When I first started raising chickens, I had to do some research. Being new to chickens, I didn't exactly know what was or wasn't true. Did I really need a rooster for eggs? What is the health difference in different colored eggs? Am I eating a potential chick each time I eat the egg's yolk? There are so many myths about nearly everything in the world, and chickens definitely have many myths roaming around about them too. But what I find to be so amazing is that I actually believed most of these myths before owning chickens! So for the past 3 1/2 years, I've been reading and reading about chickens, and I can answer some of those myths.
Your hens won't lay without a rooster...
This is probably one of the biggest myths I've come across. A hen will lay an egg regardless of rooster presence. A rooster is needed to fertilize eggs, but not to force the hen to lay them.
Fertile eggs are bad to eat...
As long as the embryo hasn't developed, the egg is fine to eat. The only difference is that egg had the potential to become a chick, but if it wasn't under the right conditions to hatch, nothing is in there but breakfast. They taste the same and have no health effects.
Chickens are vegetarians...
When I was a young kid, I remember watching cartoons where a flock of chickens would try to get a worm. My flock will do the same thing. They dash over as I point out an ant, spider, worm, or any other bug. Yes, chickens do enjoy some nice veggies, but it's in their instinct to forage for bugs.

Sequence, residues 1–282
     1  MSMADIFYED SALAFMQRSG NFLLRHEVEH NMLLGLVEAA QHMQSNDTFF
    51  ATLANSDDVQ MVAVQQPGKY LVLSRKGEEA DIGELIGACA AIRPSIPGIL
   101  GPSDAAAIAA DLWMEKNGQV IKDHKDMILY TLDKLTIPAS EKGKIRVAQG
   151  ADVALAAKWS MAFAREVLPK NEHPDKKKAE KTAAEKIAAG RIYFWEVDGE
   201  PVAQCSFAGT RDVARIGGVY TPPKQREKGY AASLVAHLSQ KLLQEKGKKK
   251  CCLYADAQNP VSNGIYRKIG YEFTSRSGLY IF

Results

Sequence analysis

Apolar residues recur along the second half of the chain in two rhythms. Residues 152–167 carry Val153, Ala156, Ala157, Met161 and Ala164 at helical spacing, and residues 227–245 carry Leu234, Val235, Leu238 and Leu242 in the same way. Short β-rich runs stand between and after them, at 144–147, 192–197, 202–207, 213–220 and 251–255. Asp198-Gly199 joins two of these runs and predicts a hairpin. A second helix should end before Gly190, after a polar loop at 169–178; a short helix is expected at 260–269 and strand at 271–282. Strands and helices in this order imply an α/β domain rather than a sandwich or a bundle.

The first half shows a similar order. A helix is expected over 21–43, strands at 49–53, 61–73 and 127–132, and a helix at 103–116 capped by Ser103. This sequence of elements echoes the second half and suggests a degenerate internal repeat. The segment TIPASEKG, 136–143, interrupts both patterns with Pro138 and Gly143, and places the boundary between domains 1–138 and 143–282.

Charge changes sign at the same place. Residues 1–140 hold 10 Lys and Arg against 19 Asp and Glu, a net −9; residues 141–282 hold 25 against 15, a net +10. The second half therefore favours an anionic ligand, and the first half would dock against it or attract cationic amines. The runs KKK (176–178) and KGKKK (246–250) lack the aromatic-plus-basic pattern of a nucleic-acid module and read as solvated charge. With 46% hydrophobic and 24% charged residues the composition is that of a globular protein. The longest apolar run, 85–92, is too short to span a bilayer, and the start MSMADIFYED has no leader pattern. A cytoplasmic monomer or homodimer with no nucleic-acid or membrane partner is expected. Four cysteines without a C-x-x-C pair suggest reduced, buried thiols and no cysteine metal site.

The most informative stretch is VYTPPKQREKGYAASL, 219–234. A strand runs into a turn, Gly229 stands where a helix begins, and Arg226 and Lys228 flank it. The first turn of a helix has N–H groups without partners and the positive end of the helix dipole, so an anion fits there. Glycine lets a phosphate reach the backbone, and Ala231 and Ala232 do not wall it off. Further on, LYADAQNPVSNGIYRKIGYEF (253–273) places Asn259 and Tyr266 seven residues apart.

Green and blue eggs are lower in cholesterol...
After I got my first Easter Eggers, I wanted to know more about that. Are they really lower in cholesterol? I came across an article specifically about green and blue egg laying breeds, and it was the answer to my question: they are not significantly lower in cholesterol than any other egg. The cholesterol level in an egg is actually dependent on diet and the hen's individual body. So while studies will show different cholesterol levels in different eggs, it's not significant enough to confirm this myth.
Spur bumps mean roosters...
Hens can actually acquire a few rooster traits. Some hens may crow, and some can grow spur bumps. If you're trying to sex some chicks, checking for spur bumps is not an accurate way.
Eggs need to be refrigerated...
The eggs you see in the store are refrigerated, so they must need to be, right? Wrong. An egg is laid with a natural coating, called the bloom, that protects the egg from bacteria. An egg can be stored at room temperature for up to a month and still be fine to eat if the bloom has not been washed off. Once the bloom has been washed off with water, the egg will need to be refrigerated in order to stay fresh.
Farm fresh eggs mean that they're dirtier than store bought eggs...
Since the bloom has been washed off many eggs you can buy at the store, the eggs are susceptible to bacteria. If the hens are kept in a good environment and the eggs are handled properly, farm fresh eggs can actually be cleaner.
Chickens are just birdbrains...